City crafting 2030 transportation plan

The City of Boston is developing a new comprehensive transportation plan, called “Go Boston 2030,” as part of the various coordinated efforts to envision the city in 2030.

The initiative just completed its first phase, asking residents to submit their questions and requests, partly through a City truck visiting various neighborhoods.

There are no other community meetings planned at the moment, though that may change as the process continues, Tracey Ganiatsos, a Boston Transportation Department spokesperson, told the Gazette.

The final result will be comprehensive, long-term plan to be released in spring of 2016 that will have polices and projects designed to increase equity in mobility, improve the economy, better connect people to jobs and education, and protect the environment, that release said.

The Mayor’s Mobility Plan Advisory Committee, which is developing the Go Boston 2030 plan, is co-chaired by state Rep. Russell Holmes, who represents a small part of southern JP, and President and CEO of nonprofit A Better City Richard Dimino.

Two JP residents on the committee: Pete Stidman, who is executive director of the Boston Cyclists Union, and Jennifer Molina.

Stidman said that the committee is currently working on consolidating questions into categories, “so we can see what people in Boston are interested in,” he said. “Hopefully, answers to the community questions will be pretty straightforward. Plus, some of the things are pretty visionary.”

Another committee member is John Fish, the CEO of Suffolk Construction and chairman of Boston 2024, the organization attempting to bring the Summer Olympics to Boston.

The Olympics bid essentially involves master-planning large sections of the city, including transportation. Controversy over the bid includes concerns it will trump City plans.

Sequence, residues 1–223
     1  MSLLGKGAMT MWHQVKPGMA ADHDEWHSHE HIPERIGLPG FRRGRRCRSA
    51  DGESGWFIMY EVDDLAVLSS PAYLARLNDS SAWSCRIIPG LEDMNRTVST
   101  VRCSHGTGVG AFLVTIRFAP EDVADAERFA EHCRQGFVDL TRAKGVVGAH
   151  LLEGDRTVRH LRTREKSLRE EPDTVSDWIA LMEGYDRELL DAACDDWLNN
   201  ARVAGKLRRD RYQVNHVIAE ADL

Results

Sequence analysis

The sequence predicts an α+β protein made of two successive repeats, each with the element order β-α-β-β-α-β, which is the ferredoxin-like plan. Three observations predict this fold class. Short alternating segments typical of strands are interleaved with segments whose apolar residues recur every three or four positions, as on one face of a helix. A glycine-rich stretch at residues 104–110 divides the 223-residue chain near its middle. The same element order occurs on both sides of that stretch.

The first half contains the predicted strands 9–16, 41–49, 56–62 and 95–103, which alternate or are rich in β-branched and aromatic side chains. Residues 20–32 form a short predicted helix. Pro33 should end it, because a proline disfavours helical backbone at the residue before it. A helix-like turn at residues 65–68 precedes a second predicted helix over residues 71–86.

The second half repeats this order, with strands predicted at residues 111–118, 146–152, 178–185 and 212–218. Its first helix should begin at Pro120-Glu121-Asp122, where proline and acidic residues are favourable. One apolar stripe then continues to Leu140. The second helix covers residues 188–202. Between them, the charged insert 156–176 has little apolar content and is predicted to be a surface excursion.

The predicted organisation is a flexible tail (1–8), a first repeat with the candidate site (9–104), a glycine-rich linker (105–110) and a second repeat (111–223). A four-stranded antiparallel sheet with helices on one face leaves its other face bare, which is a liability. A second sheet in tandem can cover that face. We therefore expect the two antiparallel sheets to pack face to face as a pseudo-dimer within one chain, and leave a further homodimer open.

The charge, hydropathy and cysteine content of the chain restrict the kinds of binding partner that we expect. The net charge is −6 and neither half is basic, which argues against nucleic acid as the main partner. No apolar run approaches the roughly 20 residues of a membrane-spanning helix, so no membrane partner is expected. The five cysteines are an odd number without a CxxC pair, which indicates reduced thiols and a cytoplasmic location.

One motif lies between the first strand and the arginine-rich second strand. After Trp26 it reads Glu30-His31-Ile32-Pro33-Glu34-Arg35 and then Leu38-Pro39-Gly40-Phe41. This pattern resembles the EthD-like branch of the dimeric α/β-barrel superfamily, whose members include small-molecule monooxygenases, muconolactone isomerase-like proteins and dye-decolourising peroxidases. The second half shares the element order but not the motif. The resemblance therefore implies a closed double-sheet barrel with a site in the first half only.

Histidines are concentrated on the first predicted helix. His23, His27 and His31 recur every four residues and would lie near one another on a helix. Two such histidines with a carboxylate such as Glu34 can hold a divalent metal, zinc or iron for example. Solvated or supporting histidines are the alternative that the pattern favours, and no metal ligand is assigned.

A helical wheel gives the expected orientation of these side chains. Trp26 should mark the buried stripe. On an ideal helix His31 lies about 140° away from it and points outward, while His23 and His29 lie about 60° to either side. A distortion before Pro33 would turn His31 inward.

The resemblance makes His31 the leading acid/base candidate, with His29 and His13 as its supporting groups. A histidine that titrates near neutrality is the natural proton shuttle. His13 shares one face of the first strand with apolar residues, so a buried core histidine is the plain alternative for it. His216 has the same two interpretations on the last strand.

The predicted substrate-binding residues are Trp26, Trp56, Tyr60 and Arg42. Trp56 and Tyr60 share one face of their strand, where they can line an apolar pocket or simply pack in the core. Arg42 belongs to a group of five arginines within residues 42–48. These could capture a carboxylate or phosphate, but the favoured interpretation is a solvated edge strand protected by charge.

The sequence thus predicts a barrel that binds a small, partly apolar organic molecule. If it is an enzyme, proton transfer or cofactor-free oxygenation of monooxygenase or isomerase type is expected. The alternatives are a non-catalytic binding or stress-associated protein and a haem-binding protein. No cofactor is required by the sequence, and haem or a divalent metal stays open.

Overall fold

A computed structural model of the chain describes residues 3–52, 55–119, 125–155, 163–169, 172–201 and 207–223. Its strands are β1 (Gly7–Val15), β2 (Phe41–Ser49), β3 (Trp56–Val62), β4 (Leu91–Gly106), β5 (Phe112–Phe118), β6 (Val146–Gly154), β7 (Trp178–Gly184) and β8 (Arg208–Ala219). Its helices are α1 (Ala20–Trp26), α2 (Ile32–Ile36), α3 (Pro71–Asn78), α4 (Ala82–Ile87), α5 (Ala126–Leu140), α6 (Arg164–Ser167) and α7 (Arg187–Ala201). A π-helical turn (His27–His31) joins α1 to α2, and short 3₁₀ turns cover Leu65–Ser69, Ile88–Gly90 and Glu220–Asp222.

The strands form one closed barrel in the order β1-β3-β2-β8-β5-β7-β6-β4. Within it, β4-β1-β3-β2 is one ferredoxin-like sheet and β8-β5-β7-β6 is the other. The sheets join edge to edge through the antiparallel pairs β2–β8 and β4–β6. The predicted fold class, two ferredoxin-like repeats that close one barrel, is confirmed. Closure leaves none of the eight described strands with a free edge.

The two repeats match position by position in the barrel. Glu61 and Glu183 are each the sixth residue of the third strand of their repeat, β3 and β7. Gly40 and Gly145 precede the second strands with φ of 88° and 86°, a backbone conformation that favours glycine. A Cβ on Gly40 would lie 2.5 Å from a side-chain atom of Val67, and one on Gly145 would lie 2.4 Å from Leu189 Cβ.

In a written statement to the Gazette, the Mayor’s Office said Fish’s role on the Go Boston 2030 board “is not related to his work as part of Boston 2024…Mayor Walsh is committed to building a transportation system that works for a 21st century world-class city, regardless of whether Boston hosts the 2024 Olympics.”

Boston 2024 did not respond to Gazette questions. But Stidman said Fish sometimes attends in person, sometimes sends representatives, and is not taking a special role.

“He’s definitely not dominating the conversation. He’s more into listening at this point, as we all are,” Stidman said.

Other members include Kalila Barnett (executive director, Alternatives for Community & Environment), John Cusack (Harvard-Allston Task Force), Jackie Douglas (executive director, Livable Streets), Nika Elugardo (eirector, MA Financial Education Collaborative), Sadiya Gurham (Mayor’s Youth Council), Thomas Keady (VP, Government Affairs, Boston College), Wendy Landman (Executive Director, Walk Boston), David Lee (Partner, Stull and Lee Architects), Vivien Li (President, Boston Harbor Association), Anne McGahan (South Boston resident), Anthony Petrucelli (state senator), Dave Queeley (Codman Square Neighborhood Development Corporation), Marilyn Swartz-Lloyd (president/CEO, MASCO), John Winske (Boston Disabilities Commission Advisory Board), David Mohler (eirector, Transportation Planning, MassDOT), and Ryan Chin (managing director of City Science Initiative, MIT Media Lab).

The committee also includes MBTA General Manager Beverly Scott, who announced she will leave office in April. The Mayor’s Office said it is working with MassDOT to find a suitable MBTA representative to replace her.

BTD already has some overarching design guidelines and corridor plans in place, including in JP. Those will be incorporated somehow into Go Boston 2030, but any specifics are up in the air.

BTD already works under the “Complete Streets” guidelines, which include making roadways friendly to motorists, pedestrians and bicyclists alike. City spokesperson Melina Schuler said “Go Boston 2030 will build on and incorporate the principles in Complete Streets, though the final document will have a very different focus.”

BTD also crafted specific design guidelines for the Centre and South streets corridor, and is in the process of designing improvements for various segments of the corridor, including the Hyde Square rotary and Monument Square.

Public comments from those processes “may be incorporated…as applicable” into Go Boston 2030, and all current design and construction processes will continue while the plan is developed, Schuler said.

For its own public input, Go Boston 2030 had a glass-sided truck tour “every city neighborhood” between Jan. 29 and Feb. 7. It stopped on Centre Street off Green Street on Feb. 5. No further truck visits are planned.

The truck’s staff was meant to directly ask residents and commuters about their concerns about getting around Boston in the future.

BTD is still accepting public input on any ideas or questions about Boston transportation issues, large or small, at goboston2030.org.

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